I love how Vinita Bansal summed it up: “Confident humility is the confidence in a leader’s ability to make the right decision while acknowledging that they need others to do it right. It’s knowing what they don’t know and having trust in what they do. It’s having faith in their strengths, while also being aware of their weaknesses.”
I hope you are as inspired and curious about Confident Humility and how to do well, as I was when I first heard the term. If you’d like to learn more – or want to see how The LEGACY Center can bring this concept to your leadership team – don’t hesitate to reach out!
You’ve got a great business model and a hot market, but you’re not achieving what you know you could. You suspect it could be a culture issue. What can you do?
Strengthening your culture is doable, but be warned: there are critical success factors that will make or break your cultural transformation efforts. Here’s what we’ve learned over the years of working with a lot of unique leadership teams. These principles apply, no matter what market you’re in or who is on your team. Let’s dive in.
- OWN IT. It’s got to come from the top. If the top dog isn’t living and breathing the desire to develop the culture, it will be a long hard slog with limited impact. In fact, cultural efforts led by HR without strong leadership at the top can do more harm than good. Even though you will need to engage everyone in the organization in your cultural transformation effort, this is not a grassroots effort.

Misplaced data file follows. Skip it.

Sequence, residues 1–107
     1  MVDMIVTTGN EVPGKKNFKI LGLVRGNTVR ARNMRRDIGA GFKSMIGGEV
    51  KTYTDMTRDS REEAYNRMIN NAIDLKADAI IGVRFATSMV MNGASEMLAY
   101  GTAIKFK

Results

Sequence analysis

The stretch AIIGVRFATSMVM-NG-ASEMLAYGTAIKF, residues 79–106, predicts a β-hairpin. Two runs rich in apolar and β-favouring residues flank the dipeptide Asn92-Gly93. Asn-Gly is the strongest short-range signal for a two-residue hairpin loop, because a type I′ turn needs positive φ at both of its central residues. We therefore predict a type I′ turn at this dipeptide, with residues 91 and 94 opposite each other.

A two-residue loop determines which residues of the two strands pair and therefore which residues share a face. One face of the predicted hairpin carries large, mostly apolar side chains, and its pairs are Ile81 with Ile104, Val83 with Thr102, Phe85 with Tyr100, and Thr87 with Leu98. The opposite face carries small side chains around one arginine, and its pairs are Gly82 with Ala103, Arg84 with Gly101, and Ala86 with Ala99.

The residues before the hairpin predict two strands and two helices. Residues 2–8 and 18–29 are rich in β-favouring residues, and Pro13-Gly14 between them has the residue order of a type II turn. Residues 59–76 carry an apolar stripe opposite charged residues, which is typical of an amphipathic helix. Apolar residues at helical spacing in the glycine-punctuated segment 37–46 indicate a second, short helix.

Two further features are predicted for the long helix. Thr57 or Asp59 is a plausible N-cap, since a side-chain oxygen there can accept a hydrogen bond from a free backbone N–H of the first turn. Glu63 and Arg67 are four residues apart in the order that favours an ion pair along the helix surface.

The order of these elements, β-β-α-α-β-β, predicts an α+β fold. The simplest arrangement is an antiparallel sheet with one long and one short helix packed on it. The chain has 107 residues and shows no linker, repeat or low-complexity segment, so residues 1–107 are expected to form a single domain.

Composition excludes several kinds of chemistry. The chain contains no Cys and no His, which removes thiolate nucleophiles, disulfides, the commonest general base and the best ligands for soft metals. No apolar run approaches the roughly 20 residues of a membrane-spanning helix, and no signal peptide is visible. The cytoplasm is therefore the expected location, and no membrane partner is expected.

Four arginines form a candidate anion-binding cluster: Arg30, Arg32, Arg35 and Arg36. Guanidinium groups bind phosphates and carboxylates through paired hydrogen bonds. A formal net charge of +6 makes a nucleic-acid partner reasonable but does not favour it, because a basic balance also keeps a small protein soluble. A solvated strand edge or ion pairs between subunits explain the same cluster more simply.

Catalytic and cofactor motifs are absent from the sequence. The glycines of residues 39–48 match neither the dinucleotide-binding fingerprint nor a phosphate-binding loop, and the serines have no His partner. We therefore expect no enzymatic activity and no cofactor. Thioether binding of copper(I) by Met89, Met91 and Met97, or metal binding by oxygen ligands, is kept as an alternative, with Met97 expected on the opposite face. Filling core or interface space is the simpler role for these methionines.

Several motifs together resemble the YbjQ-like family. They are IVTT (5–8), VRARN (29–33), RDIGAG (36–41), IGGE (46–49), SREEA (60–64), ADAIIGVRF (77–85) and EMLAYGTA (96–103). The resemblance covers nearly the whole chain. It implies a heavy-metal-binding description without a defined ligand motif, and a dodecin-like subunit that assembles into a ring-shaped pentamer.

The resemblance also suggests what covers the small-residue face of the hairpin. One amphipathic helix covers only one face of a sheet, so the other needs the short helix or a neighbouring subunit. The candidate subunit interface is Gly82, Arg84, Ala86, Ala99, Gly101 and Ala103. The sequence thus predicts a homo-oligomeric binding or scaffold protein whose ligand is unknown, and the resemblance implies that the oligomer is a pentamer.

Behaviors are going to need to shift – and that means authentic self-reflection and personal work for everyone. There is nothing more powerful than a CEO who leads by example and examines how they could be more aligned with the values needed to drive the organization forward. When you create an environment promoting self-improvement instead of perfection, it opens the door for everyone to increase their self-awareness and grow.
Tough decisions will need to be made too. Sometimes structures and processes unintentionally foster dysfunction in the organization, and those in positions of power need to help untangle the elements needed to help drive change.